Last Sunday’s story, “From Slipping Through the Cracks to the College Track,” noted that despite our brainy national image, Washington state has shockingly low college-going rates compared to the rest of the country. Only 60 percent of high school graduates here enroll in any four-year institution. But for low-income kids, the rates are truly troubling.

The Seattle Times, April 18, 2014



No surprise: Men earn more than women in latest federal employment data

The Bureau of Labor Statistics on Thursday released wage data from the first quarter showing again what workers already know – that men make more than women. Beyond gender, race also showed a disparity in earnings.Concerning educational attainment, workers with less than a high school diploma earned a median wage of $480 in the first quarter, while high school graduates earned $660, and those with a bachelor’s degree or higher earned $1,199. Men with an advanced degree earned $1,652 weekly, and women $1,205.

The News Tribune, April 18, 2014



Editorial: Angst about whites doesn’t play well off campus

Add Western Washington University’s president to the next edition of “Why Do Smart Guys Say Dumb Things?” Bruce Shepard is being paraphrased as saying that Western is “too white.” That’s not quite what he said, but it’s easily inferred from statements he’s been making. Such as: “If in decades ahead, we are as white as we are today, we will have failed as a university.” Shepard seems mysteriously selective about the demographics we should worry about. Western’s enrollment is 55 percent female, 45 percent male. Will Western be a “failure” in years to come if it is a female as it is today? What if the enrollment of Chinese- or Korean-American students isn’t calibrated properly? See how easily this slides into something ugly and divisive?

The News Tribune, April 18, 2014



New Report on Latino College Completion Rates

Excelencia in Education has released a new report with state-by-state data on Latino college completion rates. The report notes that raising those rates can be a key strategy for those who want to increase the percentage of Americans with college credentials.

Inside Higher Ed, April 17, 2014



Western’s president draws fire for saying school is too white

Western Washington University President Bruce Shepard says he’s being deliberately provocative when he says the university is too white. The lack of diversity on college campuses is a national crisis, he says.

The Seattle Times, April 17, 2014



Obama and Biden Promote $550-Million in New Job-Training Funds

The president and vice president made a rare joint appearance on Wednesday to tout new federal funds for community colleges and apprenticeship programs. In speeches at the Community College of Allegheny County’s West Hills Center, outside Pittsburgh, President Obama and Vice President Joseph R. Biden Jr. announced $550-million in grants to prepare American workers for in-demand jobs.

The Chronicle of Higher Education, April 16, 2014





The Slow Climb

State and local support for higher education is crawling out of the hole of the recession, according to a report released today by the State Higher Education Executive Officers. Three states spent more in fiscal year 2013 than in fiscal year 2008 – and without the help of federal stimulus money. A full 30 states increased their spending since last year.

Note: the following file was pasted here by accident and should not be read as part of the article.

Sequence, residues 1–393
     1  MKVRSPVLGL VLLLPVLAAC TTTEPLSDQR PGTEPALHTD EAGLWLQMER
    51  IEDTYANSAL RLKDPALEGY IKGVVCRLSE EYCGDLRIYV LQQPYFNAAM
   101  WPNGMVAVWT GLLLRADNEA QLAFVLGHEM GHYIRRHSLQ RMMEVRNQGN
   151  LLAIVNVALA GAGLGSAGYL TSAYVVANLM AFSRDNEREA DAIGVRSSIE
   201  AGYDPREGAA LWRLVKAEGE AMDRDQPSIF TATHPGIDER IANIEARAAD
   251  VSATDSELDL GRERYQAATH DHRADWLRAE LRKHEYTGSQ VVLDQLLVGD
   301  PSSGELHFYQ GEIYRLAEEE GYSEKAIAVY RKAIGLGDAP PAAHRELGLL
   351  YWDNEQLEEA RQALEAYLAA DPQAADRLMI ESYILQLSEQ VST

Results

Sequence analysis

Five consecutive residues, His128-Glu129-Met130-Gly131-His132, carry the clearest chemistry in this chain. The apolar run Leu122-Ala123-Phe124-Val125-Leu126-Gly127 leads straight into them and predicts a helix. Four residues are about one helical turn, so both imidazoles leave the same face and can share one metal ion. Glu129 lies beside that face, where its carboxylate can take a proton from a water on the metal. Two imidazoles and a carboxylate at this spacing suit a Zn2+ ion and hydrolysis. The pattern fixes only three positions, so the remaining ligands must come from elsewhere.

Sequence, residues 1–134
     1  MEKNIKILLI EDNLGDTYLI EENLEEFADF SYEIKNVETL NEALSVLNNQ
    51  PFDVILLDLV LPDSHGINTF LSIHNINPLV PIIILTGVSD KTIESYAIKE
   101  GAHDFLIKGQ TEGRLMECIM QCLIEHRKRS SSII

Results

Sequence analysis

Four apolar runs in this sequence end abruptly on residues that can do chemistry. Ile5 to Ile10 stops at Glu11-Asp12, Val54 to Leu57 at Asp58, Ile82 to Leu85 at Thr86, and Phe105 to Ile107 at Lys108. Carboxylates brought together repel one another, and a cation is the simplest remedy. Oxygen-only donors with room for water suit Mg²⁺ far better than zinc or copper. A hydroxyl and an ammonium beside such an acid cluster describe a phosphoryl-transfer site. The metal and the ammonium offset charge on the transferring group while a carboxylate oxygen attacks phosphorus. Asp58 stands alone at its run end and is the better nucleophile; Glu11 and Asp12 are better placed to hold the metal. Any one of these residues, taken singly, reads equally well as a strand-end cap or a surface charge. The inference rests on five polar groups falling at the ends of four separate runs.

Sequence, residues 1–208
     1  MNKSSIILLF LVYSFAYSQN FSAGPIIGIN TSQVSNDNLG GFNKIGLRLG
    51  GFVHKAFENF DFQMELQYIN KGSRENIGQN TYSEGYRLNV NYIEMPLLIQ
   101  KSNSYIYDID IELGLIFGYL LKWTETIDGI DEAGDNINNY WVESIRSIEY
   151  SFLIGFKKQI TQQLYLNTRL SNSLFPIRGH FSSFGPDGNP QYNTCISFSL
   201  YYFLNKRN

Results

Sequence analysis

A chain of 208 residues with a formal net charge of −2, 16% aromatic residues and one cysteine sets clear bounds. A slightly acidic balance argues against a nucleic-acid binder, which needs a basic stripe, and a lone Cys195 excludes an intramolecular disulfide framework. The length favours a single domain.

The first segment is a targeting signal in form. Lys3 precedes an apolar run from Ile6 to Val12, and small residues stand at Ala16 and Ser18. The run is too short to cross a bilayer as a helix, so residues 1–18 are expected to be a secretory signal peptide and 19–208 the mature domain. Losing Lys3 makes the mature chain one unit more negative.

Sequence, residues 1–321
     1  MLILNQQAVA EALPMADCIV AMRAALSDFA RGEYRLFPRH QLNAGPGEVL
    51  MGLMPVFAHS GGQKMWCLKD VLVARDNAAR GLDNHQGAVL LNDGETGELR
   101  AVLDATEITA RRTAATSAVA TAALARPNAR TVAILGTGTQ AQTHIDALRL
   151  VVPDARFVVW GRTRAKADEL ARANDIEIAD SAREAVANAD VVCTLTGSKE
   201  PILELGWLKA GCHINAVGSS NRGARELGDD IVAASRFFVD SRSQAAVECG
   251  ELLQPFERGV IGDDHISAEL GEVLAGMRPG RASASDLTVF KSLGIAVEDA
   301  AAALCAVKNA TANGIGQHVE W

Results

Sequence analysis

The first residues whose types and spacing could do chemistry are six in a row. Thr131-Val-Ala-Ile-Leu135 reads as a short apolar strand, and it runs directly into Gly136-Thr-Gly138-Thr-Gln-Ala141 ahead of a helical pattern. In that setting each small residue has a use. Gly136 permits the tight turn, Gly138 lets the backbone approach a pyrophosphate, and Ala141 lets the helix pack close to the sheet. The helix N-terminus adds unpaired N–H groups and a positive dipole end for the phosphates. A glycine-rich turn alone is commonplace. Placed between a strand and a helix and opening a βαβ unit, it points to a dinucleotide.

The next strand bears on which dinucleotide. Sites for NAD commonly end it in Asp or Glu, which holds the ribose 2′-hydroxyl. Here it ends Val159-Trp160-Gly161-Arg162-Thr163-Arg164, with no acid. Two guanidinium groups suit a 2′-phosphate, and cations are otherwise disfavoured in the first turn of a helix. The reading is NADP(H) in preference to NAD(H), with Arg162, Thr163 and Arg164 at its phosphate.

Inside Higher Ed, April 21, 2014



GET program still a great college savings plan

It might be an understatement to say that our state’s legislative process sometimes confuses citizens. State lawmakers often engage in public policy discussions simply to determine whether to take legislative action.

Olympian, April 20, 2014



Opinion: Thayne McCulloh and Beck Taylor: Colleges need support building vital workforce

We applaud the Legislature’s action this session embracing the higher-education attainment goals proposed by the Washington State Student Achievement Council. We also wish to thank Gov. Jay Inslee for his signature on the bill. These goals are a great first step toward equipping Washington’s higher-education system to find ways to produce many more graduates in the coming years – a necessity if Washington is to meet the demands of its economy and sustain its prosperity and quality of life. Meeting these challenges begins with a commitment by our state to making high-quality higher education accessible to all.

Spokesman-Review, April 20, 2014



Michelle Obama Urges College Attendance in Howard U. Visit

Continuing her push to promote higher education, First Lady Michelle Obama on Wednesday toured Howard University with a group of Chicago public high school juniors and seniors. The students were participating in the “Escape to Mecca” program, which is aimed at exposing high-achieving Chicago students to Howard University, which is referred to as the “Mecca” of African-American education.

Inside Higher Ed, April 18, 2014



State budget is only balanced on paper

The state budget is balanced over four years. On paper, anyway. The law requires a positive balance over the four years ending in mid-2017. A new budget outlook projects the state to be in the black at that point by a bare $19.5 million, in a projected budget of more than $36 billion. But that total is padded by a transfer of more than $52 million in future years from an account that funds scientific research. The prospects for a transfer that big are dubious.

Bellingham Herald, April 16, 2014



Compiled by the Washington State Board for Community & Technical Colleges |1300 Quince St SE | PO Box 42495 | Olympia, WA 98504 | eclips@sbctc.edu